Welcome to the Board: Rob Portinga

Rob PortingaSo far in our latest blog series, we’ve briefly introduced you to our four new members of the OAC National Board of Directors and shared with you some of their stories and passions by connecting with them personally.

Next, we’d like to give you the chance to get to know yet another new Board Member – Rob Portinga from Washington! By day, Rob works for Obesity Prevention, Policy and Management – a company that provides various services to other companies in the areas of obesity and Type 2 Diabetes. As the Director for their Engagement Center, he oversees a great team that serves as their front line for interacting with patients as they pursue their own obesity treatments.

By weekend, Rob’s passion for the last couple of years since relocating to Washington State from Minnesota has been just being outdoors – hiking, camping, snowshoeing and more. That’s on top of his nearly lifelong passion for cooking. When talking about his hobbies, Rob writes:

“These are the things that keep me sane enough to deal with the stresses the work week brings.”

Please join us in giving Rob a warm WELCOME to the OAC National Board of Directors!

An Interview with Rob Portinga

Rob Portinga

Q: How and when did you initially hear about the OAC? What was your impression, and did you immediately get involved with the organization?

A: I met Joe Nadglowski in 2011 at a bariatric surgery event in Las Vegas. I was pretty busy with some other groups and events, having been fairly active in the bariatric surgery community locally in Minnesota as well as other parts of the country. It seems like at each event, I was learning more and more about the OAC. By the middle of 2012, I finally figured out that while the social and motivational aspects of the groups I had been involved with were great, the advocacy aspects of the OAC showed me that it was an organization I needed to be more involved with.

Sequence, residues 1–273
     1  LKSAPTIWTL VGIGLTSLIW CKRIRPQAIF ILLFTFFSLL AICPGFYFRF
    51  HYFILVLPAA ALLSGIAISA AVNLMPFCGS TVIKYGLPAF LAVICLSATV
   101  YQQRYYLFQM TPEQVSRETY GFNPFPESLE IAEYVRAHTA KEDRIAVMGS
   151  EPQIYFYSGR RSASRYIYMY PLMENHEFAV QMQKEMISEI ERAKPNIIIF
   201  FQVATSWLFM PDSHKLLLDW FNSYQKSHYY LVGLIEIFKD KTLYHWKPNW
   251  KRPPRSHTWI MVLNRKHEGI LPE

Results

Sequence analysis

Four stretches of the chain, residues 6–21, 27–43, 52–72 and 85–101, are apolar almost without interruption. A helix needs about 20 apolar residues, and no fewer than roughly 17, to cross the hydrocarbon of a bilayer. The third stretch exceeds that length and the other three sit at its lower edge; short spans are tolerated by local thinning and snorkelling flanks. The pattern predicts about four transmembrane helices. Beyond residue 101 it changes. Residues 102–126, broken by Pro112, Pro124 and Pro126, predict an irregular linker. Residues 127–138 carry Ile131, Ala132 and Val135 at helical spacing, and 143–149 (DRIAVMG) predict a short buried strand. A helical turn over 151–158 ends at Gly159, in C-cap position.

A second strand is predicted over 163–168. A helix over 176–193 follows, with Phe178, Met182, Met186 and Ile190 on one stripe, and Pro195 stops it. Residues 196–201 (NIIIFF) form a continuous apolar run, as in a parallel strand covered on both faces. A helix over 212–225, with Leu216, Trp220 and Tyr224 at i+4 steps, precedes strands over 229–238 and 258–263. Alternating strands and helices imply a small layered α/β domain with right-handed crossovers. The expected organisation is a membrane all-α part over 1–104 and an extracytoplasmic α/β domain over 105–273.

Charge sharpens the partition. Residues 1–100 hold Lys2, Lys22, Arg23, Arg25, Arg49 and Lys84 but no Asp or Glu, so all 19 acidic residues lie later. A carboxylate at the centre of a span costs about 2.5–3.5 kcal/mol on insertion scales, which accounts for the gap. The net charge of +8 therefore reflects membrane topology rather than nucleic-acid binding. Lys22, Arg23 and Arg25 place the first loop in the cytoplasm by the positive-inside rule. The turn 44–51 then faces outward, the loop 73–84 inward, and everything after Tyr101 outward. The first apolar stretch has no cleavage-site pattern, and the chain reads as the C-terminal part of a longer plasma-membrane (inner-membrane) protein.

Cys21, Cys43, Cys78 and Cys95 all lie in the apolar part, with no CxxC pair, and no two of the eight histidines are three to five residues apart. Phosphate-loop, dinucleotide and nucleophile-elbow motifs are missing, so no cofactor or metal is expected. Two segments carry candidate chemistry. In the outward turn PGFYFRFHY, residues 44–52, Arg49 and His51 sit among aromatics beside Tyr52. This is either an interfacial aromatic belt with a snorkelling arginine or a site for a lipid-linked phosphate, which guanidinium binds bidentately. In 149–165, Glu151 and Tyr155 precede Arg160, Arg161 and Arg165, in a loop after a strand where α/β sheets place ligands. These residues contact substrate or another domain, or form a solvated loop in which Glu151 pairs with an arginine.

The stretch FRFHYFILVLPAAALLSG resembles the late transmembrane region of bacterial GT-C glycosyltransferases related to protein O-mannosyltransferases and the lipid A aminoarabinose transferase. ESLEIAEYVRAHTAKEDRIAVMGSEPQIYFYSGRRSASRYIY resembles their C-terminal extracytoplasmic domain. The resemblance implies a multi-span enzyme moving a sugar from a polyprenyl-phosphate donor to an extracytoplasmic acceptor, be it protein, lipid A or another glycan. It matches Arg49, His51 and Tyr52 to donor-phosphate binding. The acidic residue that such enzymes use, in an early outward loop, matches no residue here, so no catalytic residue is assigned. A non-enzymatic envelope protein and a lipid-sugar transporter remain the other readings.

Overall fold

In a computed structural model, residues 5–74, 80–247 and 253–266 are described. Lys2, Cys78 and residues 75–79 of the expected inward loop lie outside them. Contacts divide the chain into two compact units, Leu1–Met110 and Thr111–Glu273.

Unfortunately, I didn’t come to this realization in time to make the OAC’s first Your Weight Matters National Convention, but I did make it to YWM2013 in Phoenix. I made it a point to get there in time to take part in the national advocacy training class. The rest of the weekend is a blur of great memories where I met people, listened to the speakers and found a place of belonging.

Soon after returning home, I was invited to join the OAC for a day on Capitol Hill to talk to our legislators about the Treat and Reduce Obesity Act (TROA). Then, I ran into Joe again the following January when I gave a presentation on the barriers to advocacy for a meeting of the Minnesota chapter of the American Society for Metabolic and Bariatric Surgery (ASMBS) – a presentation where I borrowed one of Joe’s favorite quotes on Advocacy:

“Never doubt that a small group of thoughtful, committed citizens can change the world; indeed, it’s the only thing that ever has.” – Margaret Mead

That year, I applied to be on OAC Committees and was invited to join both the Convention Planning Committee and Bias Committee – and I have started my third year with both.

Q: What is your connection to the cause of obesity, and why do you choose to dedicate yourself to that cause?

A: I am a bariatric patient myself, having had Roux-en-Y Gastric Bypass in April of 2009. I had been heavy most of my life, but the ten or so years before surgery just seemed to bring more and more pounds and issues every year.